5. Build up assets and systems

The way to guarantee quality is to own your own localization resources that you can continue to build on with each new content adaptation and iteration. Terminology is a living, evolving asset within your ecosystem. There has to be a way to manage it on an ongoing basis, and your primary team needs to be an integral part of building that terminology from the start.

You need reliable and centralized methods of asset control. Vendors may have translation memories to support your localization projects, but if you don’t have access to them, it’s not any reassurance. Those TMs should be yours to leverage, and they should go a long way to save time and resources on future translations.

 

6. Set expectations

It’s not enough to be a passive recipient of content. You need to set clear expectations and hold your internal and external team members accountable. Don’t take for granted that your partners are ready for or that they are committed to your highest standards. Have early conversations about the tenets of successful localization:

 

  • Transparency: Knowing who is doing your translations and what their qualifications are. Being able to track progress and fix problems all along the way. Having open and cooperative workflows with a localization partner and visible, accessible assets.
  • Accountability: Having expectations clearly set and met. Trusting that stakeholders will be proactive problem-solvers and committed to the ultimate goal of local market engagement.
  • Proactive Asset Management: Maintaining translation memories, term bases, style guides—including updating them when expectations change or when new market needs are uncovered. Making these assets available to everyone who handles your content anywhere along the pipeline.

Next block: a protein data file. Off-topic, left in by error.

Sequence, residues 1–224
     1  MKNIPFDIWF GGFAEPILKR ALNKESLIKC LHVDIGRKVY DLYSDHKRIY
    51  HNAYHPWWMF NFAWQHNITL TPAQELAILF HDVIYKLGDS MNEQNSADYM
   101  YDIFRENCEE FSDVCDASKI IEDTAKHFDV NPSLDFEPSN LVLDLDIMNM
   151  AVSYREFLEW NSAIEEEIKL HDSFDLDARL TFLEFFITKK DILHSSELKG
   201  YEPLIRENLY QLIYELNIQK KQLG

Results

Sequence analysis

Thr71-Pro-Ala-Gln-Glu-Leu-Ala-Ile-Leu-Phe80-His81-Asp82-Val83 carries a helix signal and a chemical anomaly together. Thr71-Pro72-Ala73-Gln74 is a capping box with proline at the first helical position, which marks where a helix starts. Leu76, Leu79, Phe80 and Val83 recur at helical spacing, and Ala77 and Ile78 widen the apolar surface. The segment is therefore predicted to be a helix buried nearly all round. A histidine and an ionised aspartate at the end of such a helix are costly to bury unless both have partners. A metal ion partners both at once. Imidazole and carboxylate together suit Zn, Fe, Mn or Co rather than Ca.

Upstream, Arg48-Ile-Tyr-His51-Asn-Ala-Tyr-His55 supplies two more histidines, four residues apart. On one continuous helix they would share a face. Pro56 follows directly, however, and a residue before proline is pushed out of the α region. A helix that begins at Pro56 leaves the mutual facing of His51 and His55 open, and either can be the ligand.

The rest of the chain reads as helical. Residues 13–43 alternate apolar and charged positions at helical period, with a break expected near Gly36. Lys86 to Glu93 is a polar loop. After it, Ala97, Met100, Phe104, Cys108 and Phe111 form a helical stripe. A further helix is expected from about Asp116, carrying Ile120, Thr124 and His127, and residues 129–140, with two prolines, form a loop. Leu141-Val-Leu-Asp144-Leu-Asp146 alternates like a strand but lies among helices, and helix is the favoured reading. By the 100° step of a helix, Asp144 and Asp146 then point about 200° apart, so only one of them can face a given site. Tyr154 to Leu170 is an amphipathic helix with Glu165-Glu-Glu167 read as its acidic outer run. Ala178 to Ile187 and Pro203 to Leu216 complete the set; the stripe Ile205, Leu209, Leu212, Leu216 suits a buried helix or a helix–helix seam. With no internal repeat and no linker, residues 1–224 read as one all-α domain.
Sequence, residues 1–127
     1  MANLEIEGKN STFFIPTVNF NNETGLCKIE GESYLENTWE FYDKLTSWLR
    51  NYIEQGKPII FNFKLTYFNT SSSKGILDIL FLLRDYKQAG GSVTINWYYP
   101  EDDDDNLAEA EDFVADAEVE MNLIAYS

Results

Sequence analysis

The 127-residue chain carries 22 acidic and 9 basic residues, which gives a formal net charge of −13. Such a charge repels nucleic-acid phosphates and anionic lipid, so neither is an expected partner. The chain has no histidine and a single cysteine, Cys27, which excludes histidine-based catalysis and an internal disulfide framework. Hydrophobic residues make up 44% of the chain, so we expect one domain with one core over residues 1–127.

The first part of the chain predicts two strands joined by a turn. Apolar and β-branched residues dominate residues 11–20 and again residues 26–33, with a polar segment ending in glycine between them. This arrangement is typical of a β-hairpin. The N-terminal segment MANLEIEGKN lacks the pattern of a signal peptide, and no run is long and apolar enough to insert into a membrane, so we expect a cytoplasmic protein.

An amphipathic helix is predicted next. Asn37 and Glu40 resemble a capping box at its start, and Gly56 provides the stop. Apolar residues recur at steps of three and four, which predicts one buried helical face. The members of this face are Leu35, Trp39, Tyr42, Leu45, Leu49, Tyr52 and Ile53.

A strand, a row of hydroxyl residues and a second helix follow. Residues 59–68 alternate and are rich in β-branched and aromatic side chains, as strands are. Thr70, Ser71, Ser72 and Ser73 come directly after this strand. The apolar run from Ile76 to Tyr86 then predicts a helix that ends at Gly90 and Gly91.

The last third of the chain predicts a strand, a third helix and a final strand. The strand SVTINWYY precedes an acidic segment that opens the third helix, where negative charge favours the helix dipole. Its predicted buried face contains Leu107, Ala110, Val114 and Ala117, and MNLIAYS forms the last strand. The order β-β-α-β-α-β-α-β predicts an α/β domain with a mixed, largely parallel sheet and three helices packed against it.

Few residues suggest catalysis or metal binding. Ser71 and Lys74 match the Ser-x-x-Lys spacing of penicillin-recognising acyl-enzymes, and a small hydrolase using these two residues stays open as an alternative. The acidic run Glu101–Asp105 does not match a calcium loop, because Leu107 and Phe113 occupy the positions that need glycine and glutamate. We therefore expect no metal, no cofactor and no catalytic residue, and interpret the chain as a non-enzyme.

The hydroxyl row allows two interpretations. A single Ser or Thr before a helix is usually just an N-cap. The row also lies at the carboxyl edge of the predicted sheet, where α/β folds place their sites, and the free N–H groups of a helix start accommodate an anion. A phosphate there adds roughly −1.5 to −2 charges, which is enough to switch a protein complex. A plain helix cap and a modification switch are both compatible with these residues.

• Quality Management: Holding all players to your clear quality standards, especially since they have access to the tools and assets they need for success. Wrapping quality assurance into your automated platform for reliable tracking of all actions and the best possible opportunities for troubleshooting on every level.

7. Find valuable KPIs

Identify your most valuable key performance indicators. Are there ways that you can measure revenue streaming from different countries that could be a result of having localized content? Will you be able to measure pre-localization and post-localization success for each particular market? Can you measure on-time releases? Saving money is not a good KPI unless it is accompanied by good service and return.

In general, looking for KPIs is a good exercise to encourage innovation. Too often managers are in job-saving mode. You're not doing yourself any favors by streamlining localization resources because you're not paving your own pathways for growth. You're not doing your company any favors either when there is so much to gain from automation and centralization that frees your team members up for truly creative tasks. Be willing to work yourself out of a job to prove your worth in another position where you can make even more meaningful contributions.

 

Partner with Experts for Effective Management

A centralized, automated localization platform can improve workflow and translation quality immensely. But you don’t want to have to create one yourself; it would be an all-consuming task far into your future, and it would eat up extensive resources unnecessarily. Translation and localization managers who are on the cutting edge will partner with a top language service provider (LSP), one of the most valuable assets for project management success. Localization managers have plenty of concerns they need to stay on top of without spending time on administrative tasks, and a good localization partner will do it better than you can in any case.


Bureau Works’ automated localization platform provides transparent management support, as well as asset management capabilities and support for translators, editors, and other stakeholders. CLI/API integration maximizes the system’s convenience and efficiency. Contact our team today to find out more about how we can contribute to the success of your localization journey.

 

 

Luciana Passos

Written by Luciana Passos

Luciana is Bureau Work’s COO. She is known as a gap bridger and a heart follower.

Keep your finger on the pulse of the localization industry - technology, innovation, people.